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Daily devours apace; and nothing fed,
But that two-handed engine at the door,
Stands ready to fmite once, and fmite no more.
Return, Alpheus, the dread voice is past
That fhrunk thy ftreams; return, Sicilian muse,
And call the vales, and bid them hither caft
Their bells, and flourets of a thousand hues. 135
Ye valleys low, where the milde whispers use
Of shades, and wanton winds, and gushing brooks,
On whose fresh lap the fwart ftar sparely looks,
Throw hither all your quaint enamel'd eyes,
That on the green turf fuck the honied showres,
And purple all the ground with vernal flowres ; 141
Bring the rathe primrose that forfaken dies,
The tufted crow-toe, and pale geffamine,
The white pink, and the panfie fret with jeat,
The glowing violet,
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The mufk-rofe, and the well attir'd woodbine,
With cowflips wan that hang the penfive hed,
And every flower that fad embroidery wears ;
Bid Amaranthus all his beauty fhed,

And daffadillies fill their cups with tears,
To ftrow the laureat herse where Lycid lies:
For fo to interpose a little ease,

Let our frail thoughts dally with false furmise.
Ay me! whilft thee the fhores and founding feas
Wash far away, whereere thy bones are hurl'd,
Whether beyond the ftormy Hebrides,

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Where thou perhaps, under the whelming tide,
Vifit'ft the bottom of the monftrous world;
Or whether thou, to our moift vows deny'd,
Sleep'ft by the fable of Bellerus old,
Where the great vifion of the guarded mount
Looks toward Namancos and Bayona's hold;
Look homeward, angel, now, and melt with ruth:
And, O ye dolphins, waft the haples youth.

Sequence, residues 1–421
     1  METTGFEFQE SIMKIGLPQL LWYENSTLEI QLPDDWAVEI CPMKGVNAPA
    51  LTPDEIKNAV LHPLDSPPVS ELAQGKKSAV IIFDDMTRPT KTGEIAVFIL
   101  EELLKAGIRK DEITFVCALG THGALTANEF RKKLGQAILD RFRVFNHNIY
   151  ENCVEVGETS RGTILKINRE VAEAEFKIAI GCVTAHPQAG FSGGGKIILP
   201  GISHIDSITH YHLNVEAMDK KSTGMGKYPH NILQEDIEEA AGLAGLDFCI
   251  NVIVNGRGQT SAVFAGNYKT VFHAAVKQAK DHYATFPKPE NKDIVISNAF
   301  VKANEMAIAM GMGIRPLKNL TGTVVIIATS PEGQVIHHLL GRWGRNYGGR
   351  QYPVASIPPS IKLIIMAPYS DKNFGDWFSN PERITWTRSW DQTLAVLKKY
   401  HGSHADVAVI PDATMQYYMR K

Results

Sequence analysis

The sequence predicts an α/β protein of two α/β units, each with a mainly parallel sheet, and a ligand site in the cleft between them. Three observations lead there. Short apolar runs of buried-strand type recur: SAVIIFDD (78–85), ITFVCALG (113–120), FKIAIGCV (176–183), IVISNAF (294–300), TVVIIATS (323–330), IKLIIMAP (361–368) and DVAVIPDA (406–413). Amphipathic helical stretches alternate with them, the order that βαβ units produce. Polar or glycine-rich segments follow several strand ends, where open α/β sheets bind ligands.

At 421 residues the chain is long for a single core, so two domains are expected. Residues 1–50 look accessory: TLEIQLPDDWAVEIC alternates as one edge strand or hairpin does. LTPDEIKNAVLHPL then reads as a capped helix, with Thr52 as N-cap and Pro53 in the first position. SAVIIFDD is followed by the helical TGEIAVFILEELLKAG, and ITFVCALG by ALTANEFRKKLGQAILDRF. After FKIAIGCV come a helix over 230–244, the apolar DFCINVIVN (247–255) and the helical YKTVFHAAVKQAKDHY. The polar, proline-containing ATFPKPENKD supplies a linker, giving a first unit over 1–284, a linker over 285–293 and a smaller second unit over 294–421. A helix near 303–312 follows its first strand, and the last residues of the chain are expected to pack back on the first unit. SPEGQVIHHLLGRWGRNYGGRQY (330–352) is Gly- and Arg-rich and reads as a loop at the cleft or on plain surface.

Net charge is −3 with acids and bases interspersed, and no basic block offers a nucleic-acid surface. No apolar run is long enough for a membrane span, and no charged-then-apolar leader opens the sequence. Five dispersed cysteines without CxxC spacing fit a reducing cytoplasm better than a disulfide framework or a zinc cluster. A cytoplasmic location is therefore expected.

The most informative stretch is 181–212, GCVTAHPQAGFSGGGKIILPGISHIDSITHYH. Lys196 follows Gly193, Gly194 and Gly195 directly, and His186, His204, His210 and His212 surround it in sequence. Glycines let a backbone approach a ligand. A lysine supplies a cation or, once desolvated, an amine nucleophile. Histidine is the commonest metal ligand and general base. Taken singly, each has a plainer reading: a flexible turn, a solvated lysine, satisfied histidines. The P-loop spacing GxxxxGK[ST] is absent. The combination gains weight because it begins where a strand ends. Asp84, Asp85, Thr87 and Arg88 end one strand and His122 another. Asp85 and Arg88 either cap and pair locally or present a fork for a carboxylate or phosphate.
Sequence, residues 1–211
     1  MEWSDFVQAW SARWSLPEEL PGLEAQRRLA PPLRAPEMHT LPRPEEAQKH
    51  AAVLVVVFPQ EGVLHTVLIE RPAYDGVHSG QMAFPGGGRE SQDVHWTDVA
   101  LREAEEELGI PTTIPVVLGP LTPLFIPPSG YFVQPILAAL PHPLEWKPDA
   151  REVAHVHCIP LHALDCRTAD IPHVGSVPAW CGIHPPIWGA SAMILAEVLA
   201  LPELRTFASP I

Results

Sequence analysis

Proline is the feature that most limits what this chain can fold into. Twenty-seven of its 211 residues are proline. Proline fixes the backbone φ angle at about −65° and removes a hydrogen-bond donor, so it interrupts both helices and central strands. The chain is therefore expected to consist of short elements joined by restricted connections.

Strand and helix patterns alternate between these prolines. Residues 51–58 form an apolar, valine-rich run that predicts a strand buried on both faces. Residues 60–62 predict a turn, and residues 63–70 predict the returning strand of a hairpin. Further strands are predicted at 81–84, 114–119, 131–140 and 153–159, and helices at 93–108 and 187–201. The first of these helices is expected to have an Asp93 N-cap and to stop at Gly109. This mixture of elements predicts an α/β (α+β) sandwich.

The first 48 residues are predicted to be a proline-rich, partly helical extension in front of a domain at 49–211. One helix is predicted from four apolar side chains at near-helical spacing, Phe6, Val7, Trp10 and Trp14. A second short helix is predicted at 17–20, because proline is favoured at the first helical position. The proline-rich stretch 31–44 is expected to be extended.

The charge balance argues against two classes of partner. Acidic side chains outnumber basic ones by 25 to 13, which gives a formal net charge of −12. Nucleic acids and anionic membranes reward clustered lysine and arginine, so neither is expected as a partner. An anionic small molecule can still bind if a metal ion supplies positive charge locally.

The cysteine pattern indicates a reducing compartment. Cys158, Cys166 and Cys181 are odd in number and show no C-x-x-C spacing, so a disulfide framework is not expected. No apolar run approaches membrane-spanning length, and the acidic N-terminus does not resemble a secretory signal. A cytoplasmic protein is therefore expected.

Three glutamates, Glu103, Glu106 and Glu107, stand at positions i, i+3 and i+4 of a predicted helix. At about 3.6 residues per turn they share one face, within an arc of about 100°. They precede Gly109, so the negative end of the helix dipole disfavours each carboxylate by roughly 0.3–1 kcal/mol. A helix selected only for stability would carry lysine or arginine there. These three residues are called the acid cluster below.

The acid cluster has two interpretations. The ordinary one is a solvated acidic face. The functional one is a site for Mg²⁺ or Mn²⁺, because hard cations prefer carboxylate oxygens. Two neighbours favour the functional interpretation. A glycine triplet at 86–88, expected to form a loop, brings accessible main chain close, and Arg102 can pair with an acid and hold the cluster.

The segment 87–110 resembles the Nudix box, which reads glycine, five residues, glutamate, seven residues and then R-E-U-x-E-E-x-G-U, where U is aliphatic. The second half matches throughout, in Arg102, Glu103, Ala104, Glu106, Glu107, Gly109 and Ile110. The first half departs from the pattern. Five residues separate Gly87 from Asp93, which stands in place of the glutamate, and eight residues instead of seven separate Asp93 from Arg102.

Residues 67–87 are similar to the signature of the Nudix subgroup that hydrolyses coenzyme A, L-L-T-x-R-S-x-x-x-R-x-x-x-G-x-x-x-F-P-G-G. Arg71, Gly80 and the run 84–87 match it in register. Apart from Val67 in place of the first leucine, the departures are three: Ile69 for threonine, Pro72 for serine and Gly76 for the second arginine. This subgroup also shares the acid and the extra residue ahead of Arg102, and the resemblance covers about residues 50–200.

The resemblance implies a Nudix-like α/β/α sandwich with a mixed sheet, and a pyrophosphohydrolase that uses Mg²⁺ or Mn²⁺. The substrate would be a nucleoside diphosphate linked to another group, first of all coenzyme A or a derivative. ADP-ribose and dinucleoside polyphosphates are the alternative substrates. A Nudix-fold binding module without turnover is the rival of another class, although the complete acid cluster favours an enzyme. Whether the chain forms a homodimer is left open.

Weep no more, woful shepherds, weep no more,
For Lycidas your forrow is not dead,
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Sunk though he be beneath the watry floar;
So finks the day-star in the ocean bed,

And yet anon repairs his drooping head,
And tricks his beams, and with new spangled ore
Flames in the forehead of the morning fky: 171
So Lycidas funk low, but mounted high,
Through the dear might of him that walk'd the

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waves,

Where other groves, and other streams along,
With nectar pure his oozy locks he laves,
And hears the unexpreffive nuptial fong,
In the bleft kingdoms meek of joy and love;
There entertain him all the faints above,
In folemn troops and sweet societies,
That fing, and finging in their glory move, 180
And wipe the tears for ever from his eyes.
Now, Lycidas, the fhepherds weep no more;
Henceforth thou art the genius of the shore,

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In thy large recompenfe, and fhalt be good
To all that wander in that perilous flood. 185
Thus fang the uncouth fwain to th❜oakes and
rills,

While the ftill morn went on with fandals gray,
He touch'd the tender stops of various quills,
With eager thought warbling his Dorick lay:
And now the fun had ftretch'd out all the hills,
And now was dropt into the western bay;
At last he rofe, and twitch'd his mantle blew :
Tomorrow to fresh woods, and pastures new.

191

SONNE T.

BY THE SAME.

O Nightingale, that on yon bloomy spray Warbl'ft at eeve, when all the woods are still, Thou with fresh hope the lovers heart dost fill, While the jolly hours lead on propitious May, Thy liquid notes that close the eye of day, 5

First heard before the fhallow cuccoo's bill Portend fuccefs in love; O, if Jove's will Have linkt that amorous power to thy soft lay,

Now timely fing, ere the rude bird of hate
Foretell my hopeles doom in fom grove ny: 10
As thou from yeer to yeer haft fung too late
For my relief; yet hadft no reason why:

Whether the Muse, or Love call thee his mate,
Both them I ferve, and of their train am I.

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MISCELLANEOUS THOUGHTS.

BY SAMUEL BUTLER.

SHOULD once the world refolve t'abolish

All that's ridiculous and foolish,
It would have nothing left to do,
T'apply in jeft or earnest to,
No bufinefs of importance, play,
Or ftate, to pass its time away.

Who doth not know with what fierce
Opinions, true or false, engage;
And, 'cause they govern all mankind,
Like the blind's leading of the blind,
All claim an equal interest,

And free dominion, o'er the rest.
And, as one fhield that fell from heaven
Was counterfeited by eleven,

rage

The better to fecure the fate
And lasting empire of a state,
The falfe are numerous, and the true,
That only have the right, but few.
Hence fools, that understand them leaft,
Are ftill the fierceft in contest;

*Born 1612; died 1680.

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